Recently, one of our medical practice clients received a notice from the Minnesota Department of Revenue notifying them of the requirement to file corporation tax return. But their medical practice is located in Washington D.C.—how could this happen? Was Minnesota dazed and confused?
Actually, no—activity at a conference in Minneapolis triggered the notice. It’s a question of state nexus—and it can sneak up on even the most tax-savvy medical practices. “Nexus” relates to a connection that a business makes to a particular state or location and can trigger state income tax, sales tax, or other tax liability. Some general ways that nexus is established are:
- If the business has a physical location in the state
- If business services are performed in the state
- If the business has property (owned or rented) in the state
There are also some not-so-obvious ways state tax nexus can occur:
- Speaking engagements: Where the “product”—your speech—is received
- Trade Show product sales: Where the purchaser receives the product—includes temporary locations
- Remote employees
- A single telecommuter working from home within a state’s borders may trigger income tax nexus for out-of-state employers—this is true even if the out-of-state employer made no sales in the state and even if the employee telecommuted only part-time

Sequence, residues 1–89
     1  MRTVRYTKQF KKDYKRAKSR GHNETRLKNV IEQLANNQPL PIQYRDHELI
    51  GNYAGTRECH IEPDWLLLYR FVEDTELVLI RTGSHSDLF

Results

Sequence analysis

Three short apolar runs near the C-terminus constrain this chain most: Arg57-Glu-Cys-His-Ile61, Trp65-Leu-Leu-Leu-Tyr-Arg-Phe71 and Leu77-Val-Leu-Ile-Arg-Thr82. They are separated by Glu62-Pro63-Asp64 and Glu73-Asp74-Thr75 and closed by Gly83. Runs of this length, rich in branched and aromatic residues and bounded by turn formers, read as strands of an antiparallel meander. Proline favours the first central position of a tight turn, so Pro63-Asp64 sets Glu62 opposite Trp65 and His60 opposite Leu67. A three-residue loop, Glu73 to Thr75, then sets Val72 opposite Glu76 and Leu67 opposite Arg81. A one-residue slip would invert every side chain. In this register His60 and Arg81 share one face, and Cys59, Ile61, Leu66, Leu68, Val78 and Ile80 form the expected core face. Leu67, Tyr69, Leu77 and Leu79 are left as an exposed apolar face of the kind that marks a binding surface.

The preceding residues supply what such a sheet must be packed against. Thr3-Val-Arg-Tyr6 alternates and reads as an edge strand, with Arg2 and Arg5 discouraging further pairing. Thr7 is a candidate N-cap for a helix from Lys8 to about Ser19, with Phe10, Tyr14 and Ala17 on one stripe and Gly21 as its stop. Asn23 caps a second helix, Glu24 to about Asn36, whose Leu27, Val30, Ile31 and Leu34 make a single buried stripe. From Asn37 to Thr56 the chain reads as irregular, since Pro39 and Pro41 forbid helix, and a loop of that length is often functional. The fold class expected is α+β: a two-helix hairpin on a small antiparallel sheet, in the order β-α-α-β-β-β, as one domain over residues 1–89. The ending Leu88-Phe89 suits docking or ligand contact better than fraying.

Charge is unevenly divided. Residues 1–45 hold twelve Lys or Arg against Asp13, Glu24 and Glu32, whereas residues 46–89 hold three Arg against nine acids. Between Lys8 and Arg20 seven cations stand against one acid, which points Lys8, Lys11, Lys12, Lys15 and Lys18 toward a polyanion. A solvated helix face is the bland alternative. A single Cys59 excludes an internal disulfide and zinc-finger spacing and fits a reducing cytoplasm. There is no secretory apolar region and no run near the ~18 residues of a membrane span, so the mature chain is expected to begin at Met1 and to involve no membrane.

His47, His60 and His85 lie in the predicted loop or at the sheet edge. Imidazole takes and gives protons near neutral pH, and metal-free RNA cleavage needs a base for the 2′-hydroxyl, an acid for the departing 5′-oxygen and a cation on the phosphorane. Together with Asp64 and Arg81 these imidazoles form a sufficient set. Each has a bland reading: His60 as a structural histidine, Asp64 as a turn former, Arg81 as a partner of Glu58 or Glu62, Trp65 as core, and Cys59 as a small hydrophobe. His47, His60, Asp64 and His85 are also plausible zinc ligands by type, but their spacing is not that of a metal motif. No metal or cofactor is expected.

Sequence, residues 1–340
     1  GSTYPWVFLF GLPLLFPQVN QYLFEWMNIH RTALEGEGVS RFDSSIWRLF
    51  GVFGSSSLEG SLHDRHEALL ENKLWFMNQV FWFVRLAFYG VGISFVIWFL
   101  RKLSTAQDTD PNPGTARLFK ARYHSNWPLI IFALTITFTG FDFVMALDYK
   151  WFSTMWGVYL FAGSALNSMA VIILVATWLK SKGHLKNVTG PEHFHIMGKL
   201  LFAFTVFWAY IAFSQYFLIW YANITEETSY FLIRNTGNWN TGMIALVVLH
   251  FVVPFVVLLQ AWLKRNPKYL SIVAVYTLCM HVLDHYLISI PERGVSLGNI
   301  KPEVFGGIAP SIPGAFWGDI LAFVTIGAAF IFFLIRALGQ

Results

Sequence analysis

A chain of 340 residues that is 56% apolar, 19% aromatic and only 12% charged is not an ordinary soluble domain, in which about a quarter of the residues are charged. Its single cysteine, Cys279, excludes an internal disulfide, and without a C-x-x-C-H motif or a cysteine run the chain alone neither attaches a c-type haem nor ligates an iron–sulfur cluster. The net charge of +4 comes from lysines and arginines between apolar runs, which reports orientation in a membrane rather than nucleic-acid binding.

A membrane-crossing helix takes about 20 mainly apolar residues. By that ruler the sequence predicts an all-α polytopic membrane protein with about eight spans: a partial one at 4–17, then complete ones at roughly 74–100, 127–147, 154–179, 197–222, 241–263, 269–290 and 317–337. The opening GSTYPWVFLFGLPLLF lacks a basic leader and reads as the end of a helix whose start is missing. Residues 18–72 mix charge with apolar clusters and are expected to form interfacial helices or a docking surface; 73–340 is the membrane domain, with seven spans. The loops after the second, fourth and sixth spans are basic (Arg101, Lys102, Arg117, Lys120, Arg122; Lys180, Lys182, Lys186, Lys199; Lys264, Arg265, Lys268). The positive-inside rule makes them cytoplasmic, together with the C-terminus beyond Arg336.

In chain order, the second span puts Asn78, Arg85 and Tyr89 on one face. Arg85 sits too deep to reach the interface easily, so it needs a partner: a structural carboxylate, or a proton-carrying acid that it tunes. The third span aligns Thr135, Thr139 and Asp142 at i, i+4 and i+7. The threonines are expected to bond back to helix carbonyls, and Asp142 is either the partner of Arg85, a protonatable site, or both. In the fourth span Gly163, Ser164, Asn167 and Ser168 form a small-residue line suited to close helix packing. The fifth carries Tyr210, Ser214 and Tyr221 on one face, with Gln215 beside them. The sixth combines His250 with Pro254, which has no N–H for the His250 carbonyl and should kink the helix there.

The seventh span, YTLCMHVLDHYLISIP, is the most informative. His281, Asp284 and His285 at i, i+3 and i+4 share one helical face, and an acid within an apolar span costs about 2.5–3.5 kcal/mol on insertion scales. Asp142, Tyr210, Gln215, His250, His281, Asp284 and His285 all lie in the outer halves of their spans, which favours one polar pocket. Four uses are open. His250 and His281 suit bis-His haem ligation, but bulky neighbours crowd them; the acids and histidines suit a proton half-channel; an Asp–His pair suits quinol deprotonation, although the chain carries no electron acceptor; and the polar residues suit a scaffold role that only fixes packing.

- Telecommuters now create income tax nexus in a majority of states, sometimes even when performing non-market activities (such as medical coding, billing or insurance claim processing)
- Hospital visits: Where the service is rendered
- Business entity type: Corporation vs. Pass-Through Entity; state rules are changing—the roll out of market-based apportionment may apply to C-Corporation but not pass through entity (S-Corp, LLC or Partnership)
As federal funding declines, state agencies across the U.S. continue to intensify tax collections, a trend that will not be changing in the near future. Remote employment and virtual care environment trends continue to grow through expansion of internet accessibility. Medical practitioners need to be aware of these state nexus traps and make service and practice decisions with state taxes in mind.
If you have questions about state tax nexus, or would like to discuss your particular situation, contact your Aronson tax advisor at 301.231.6200. Our tax specialists provide valuable guidance in all aspects of federal and state tax matters.